Mine was pretty good. There was a great crisp on the meat, which seemed to consist of a mix of chopped meat and thinly sliced steak. There was a ton of cheese, and some really nice pickles and peppers folded in. It was a bit salty, however, and after an hour it will certainly make you want to buy stock in Tums.

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We also tried the roast beef sandwich for $8.

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The quality of the beef here was incredible; there just wasn’t enough of it. The sandwich needs double the meat, lettuce and horseradish cream sauce. The bread just kills the ratios. Otherwise this sandwich was excellent, especially with the pop you get from the pickled red onions.

The cool thing about this joint is that it also serves as a butcher shop, where you can buy a variety of nice cuts like culotte and bavette.

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WHITE GOLD BUTCHERS
375 Amsterdam Ave
New York, NY 10024

Ben’s Best Kosher Deli

You can probably count on your hands the number of real-deal, old school, authentic Kosher delis that are still standing in the same place where they started decades if not centuries ago. Ben’s Best is one of those places.

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Located out in Rego Park, Queens, it lacks just one thing that places like Katz and Carnegie have in spades: a massive line of tourists that trails out the door and down the block. This place is a small, quaint neighborhood spot that has withstood the test of time and NYC real estate economics for over 70 years, since 1945.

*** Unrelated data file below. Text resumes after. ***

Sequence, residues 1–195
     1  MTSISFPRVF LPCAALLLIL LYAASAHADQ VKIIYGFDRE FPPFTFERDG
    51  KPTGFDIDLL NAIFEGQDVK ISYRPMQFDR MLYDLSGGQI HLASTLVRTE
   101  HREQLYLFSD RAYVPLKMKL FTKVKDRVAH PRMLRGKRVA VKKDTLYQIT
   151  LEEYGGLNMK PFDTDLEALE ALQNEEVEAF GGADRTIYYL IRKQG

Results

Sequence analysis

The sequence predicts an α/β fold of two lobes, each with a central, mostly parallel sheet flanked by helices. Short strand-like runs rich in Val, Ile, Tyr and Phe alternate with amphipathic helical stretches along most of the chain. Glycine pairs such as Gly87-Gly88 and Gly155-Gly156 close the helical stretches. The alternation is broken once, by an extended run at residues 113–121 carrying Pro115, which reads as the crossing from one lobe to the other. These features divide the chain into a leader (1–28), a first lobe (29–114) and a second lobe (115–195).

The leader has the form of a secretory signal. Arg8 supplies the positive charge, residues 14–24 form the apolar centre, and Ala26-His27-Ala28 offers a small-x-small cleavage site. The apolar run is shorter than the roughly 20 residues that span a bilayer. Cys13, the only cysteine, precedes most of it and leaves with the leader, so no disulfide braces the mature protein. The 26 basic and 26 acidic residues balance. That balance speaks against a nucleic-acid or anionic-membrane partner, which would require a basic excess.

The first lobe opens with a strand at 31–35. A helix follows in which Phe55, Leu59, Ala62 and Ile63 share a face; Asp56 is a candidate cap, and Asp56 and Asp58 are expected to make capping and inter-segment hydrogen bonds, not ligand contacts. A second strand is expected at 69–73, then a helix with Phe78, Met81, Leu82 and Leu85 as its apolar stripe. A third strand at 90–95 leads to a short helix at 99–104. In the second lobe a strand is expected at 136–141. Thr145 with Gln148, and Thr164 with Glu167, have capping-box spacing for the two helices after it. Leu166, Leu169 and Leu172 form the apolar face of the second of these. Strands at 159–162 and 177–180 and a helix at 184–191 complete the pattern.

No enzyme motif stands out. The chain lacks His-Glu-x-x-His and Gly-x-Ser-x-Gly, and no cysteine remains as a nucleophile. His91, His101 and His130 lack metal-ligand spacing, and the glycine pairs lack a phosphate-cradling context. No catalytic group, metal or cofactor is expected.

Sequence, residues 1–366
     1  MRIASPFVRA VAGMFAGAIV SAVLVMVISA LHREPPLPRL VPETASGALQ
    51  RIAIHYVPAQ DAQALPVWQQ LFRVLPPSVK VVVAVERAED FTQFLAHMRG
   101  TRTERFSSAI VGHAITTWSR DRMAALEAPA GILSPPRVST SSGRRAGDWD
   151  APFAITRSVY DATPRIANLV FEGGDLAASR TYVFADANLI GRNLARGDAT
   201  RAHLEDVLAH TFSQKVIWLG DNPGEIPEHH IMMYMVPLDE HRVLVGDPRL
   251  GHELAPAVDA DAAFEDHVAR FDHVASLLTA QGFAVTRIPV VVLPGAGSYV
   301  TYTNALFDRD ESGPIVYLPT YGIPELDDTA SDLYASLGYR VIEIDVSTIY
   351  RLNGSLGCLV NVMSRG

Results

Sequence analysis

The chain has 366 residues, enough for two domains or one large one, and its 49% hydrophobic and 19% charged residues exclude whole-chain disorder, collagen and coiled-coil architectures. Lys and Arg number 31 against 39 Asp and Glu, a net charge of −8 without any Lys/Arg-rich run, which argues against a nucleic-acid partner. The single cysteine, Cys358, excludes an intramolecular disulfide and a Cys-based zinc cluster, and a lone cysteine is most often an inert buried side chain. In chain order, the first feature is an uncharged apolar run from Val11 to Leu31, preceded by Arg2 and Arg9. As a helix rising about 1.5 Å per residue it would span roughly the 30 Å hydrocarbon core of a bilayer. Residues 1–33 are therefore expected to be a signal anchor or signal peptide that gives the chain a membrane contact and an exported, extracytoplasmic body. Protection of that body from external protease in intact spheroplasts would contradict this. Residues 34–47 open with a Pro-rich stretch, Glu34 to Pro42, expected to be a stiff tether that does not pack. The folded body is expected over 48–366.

But more importantly, Ben’s Best is serving some really high quality deli fare. This was, hands down, some of the best pastrami I have ever tasted.

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Better than Katz, better than Carnegie, better than 2nd Ave. They use a proprietary secret blend of spices to make it their own and differentiate their product from other delis, but the execution is really where it shines. It was juicy, thinly sliced, not fatty and super fucking tender.

I usually prefer corned beef over pastrami, any day of the week, but this place flipped my preference on its head. In fact I even put together a sandwich with both on it, because I was so torn:

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Pastrami on top, corned beef on bottom:

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Absolutely magnificent, and it wouldn’t be a meal without some pickles and cole slaw:

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And if that’s not what gets you going at a deli, then check out this platter of beef cold cuts:

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On the far left (above) is rolled beef, something you really can’t find anywhere else that I know of. It’s a deli meat made from shoulder and rib meats that are rolled into a log and then sliced for sandwiches. It’s amazing. Going from left to right (below) we also have thin sliced brisket, roast beef and beef tongue.

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That tongue was outstanding, by the way. It almost tasted like really good ham. So for all you Jews out there who keep Kosher but often wonder what ham tastes like, it tastes like Ben’s Best beef tongue.